Saturday’s win over New Mexico St. was like leaving the bar at the end of the night with an ugly girl. It’s better than going home alone, but certainly not something you’d brag about to your friends.
As has been the case all season, the real action took place off the field. With the smallest crowd since stadium expansion in 1987 looking on, Tim Jackson, whose official title is executive associate athletic director, but who refers to himself as general manager of the football team, was not in his usual spot on the sidelines close to Gene Chizik.
On this day, he was up in the executive suites begging for his job along with those of his boss, athletic director Jay Jacobs and Chizik. While Election Day is tomorrow, they’ve already started counting votes at Auburn. For Jackson, those luxury boxes might as well have been Ohio.
With Jackson kissing every ass he could get his lips on, the football team was doing him few favors in the first half. While a win was good for the players, it did nothing for the three under the most fire.
Publicly, Jacobs and Jackson continue to talk about the future of the program under their leadership. On Friday, Jackson met with the Athletic Advisory Committee and pledged to do what’s right for the football program.
Speaking to a media member in Dothan over the weekend, Jacobs held to his timeline of evaluating the football program following the season. While on the surface laughable, privately, they clearly know the end is close at hand.
Phillip Marshall at Auburn Undercover reports that on Friday night at the team hotel, Jackson asked the players to pray for himself, Jacobs and Chizik.
Meanwhile, the first casualty of the year came yesterday with the firing of Joker Phillips at Kentucky, following its worst defeat to Vanderbilt in 96 years. Derek Dooley’s release at Tennessee could come as early as this week.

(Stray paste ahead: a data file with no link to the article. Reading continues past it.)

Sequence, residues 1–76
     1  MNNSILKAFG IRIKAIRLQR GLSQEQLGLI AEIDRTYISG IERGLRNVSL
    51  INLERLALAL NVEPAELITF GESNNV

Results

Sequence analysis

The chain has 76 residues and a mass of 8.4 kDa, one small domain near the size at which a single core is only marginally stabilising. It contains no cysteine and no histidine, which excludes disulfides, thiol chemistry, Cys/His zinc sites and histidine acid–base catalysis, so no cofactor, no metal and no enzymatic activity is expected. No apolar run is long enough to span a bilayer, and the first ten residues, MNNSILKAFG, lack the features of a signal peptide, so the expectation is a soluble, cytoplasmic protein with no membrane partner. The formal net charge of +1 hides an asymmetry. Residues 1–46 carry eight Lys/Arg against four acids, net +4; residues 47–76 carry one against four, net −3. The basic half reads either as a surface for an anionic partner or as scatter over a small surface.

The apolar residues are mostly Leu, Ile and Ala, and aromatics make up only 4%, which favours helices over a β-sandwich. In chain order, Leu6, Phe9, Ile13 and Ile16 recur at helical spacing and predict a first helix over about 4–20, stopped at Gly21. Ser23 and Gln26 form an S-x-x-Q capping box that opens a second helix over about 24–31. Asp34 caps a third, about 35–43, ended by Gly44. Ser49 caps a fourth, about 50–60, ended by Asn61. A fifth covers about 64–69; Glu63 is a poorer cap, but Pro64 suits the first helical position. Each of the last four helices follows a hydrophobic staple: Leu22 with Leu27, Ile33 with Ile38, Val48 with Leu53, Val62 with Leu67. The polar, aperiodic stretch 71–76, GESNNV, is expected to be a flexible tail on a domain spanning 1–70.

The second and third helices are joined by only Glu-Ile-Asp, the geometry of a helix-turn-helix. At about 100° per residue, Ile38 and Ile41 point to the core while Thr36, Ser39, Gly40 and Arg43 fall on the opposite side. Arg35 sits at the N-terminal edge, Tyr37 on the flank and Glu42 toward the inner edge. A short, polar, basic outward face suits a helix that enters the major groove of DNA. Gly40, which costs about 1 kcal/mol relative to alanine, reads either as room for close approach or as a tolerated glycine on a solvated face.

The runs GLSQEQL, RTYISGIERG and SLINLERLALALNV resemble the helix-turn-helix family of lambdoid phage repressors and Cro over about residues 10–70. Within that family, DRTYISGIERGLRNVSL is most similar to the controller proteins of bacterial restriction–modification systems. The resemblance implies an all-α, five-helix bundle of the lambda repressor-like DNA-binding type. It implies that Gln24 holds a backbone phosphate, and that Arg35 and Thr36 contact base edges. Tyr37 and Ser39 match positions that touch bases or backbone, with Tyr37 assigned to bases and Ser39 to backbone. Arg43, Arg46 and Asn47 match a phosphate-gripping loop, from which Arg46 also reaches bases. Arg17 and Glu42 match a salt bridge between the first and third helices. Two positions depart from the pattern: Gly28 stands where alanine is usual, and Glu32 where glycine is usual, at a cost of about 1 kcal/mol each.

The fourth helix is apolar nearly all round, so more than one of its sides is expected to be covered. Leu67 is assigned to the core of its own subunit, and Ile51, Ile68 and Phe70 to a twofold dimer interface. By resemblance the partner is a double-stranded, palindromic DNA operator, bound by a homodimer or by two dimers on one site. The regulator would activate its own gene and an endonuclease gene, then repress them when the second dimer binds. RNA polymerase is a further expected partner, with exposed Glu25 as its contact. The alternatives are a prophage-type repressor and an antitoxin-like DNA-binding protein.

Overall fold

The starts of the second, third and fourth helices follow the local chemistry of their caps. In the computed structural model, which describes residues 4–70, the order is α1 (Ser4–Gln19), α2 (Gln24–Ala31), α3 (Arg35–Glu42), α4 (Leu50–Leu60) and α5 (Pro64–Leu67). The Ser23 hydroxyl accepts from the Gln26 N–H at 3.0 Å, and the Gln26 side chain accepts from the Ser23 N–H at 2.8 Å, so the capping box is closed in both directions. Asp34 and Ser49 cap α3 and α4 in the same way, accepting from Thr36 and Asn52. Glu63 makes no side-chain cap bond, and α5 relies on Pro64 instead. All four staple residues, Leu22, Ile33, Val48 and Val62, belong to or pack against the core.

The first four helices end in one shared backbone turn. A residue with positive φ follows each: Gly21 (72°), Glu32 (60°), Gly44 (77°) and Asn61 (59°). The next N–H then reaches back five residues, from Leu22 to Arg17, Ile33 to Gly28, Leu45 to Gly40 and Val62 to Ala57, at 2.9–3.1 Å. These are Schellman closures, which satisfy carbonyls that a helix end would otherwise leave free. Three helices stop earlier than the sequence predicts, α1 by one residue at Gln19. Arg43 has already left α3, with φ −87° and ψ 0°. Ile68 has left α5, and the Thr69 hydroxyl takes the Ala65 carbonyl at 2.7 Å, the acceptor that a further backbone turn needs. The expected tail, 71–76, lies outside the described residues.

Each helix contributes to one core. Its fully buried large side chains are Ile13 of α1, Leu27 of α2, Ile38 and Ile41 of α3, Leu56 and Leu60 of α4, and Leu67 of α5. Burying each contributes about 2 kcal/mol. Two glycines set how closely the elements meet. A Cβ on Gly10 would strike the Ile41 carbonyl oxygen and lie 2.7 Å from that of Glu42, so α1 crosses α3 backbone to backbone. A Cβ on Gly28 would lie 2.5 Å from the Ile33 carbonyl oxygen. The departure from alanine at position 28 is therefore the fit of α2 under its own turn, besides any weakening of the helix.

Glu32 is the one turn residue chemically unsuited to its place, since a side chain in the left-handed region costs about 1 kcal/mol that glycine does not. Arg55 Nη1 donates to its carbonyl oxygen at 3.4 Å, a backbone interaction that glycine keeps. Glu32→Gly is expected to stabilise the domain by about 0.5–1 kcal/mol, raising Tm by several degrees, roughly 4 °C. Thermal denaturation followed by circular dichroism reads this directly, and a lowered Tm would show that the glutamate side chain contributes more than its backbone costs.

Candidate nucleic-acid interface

With calls growing louder by the minute for action, Auburn president Jay Gogue, who has famously said that he fires athletic directors, not coaches, is beginning to be questioned himself.
Fair or not, his foremost responsibility is keeping the $100 million football engine growing, something that clearly hasn’t happened this season. Those that know him best say he’s a top notch leader. How he handles the next three weeks will be his legacy at Auburn. That’s life in the Deep South.
In the end, what’s likely to sink Jacobs and all those closely associated with him is the buyout clause in Chizik’s contract. Over the objections of some on the board of trustees, including former member Bobby Lowder, Jacobs convinced the group that a substantial buyout was warranted to keep Chizik from going to Texas, a claim that has shown to have little merit.
Jacobs got his way following the 2010 title run and now Auburn sits on the hook for $7.5 million should Chizik be fired. The ill-advised move essentially tied Chizik and Jacobs’s fate together.
Against this backdrop, Auburn now turns its attention to Georgia. A win over Auburn secures the SEC East title and a spot in Atlanta on December 1. Sitting at number five in the BCS, they clearly have a shot at a championship. Needless to say, they’ll have plenty to play for Saturday night.
While hardly road warriors this season, it’s hard to imagine Georgia having a letdown. The Dawgs open as 16 point favorites. Another win would mark six of the last seven in the series – another reason change is on the horizon. It will take Chizik’s best shot to have any chance.
With the temperature still hot and the play cold, it just doesn’t feel like the first stop on Amen Corner.
When will the agony end?
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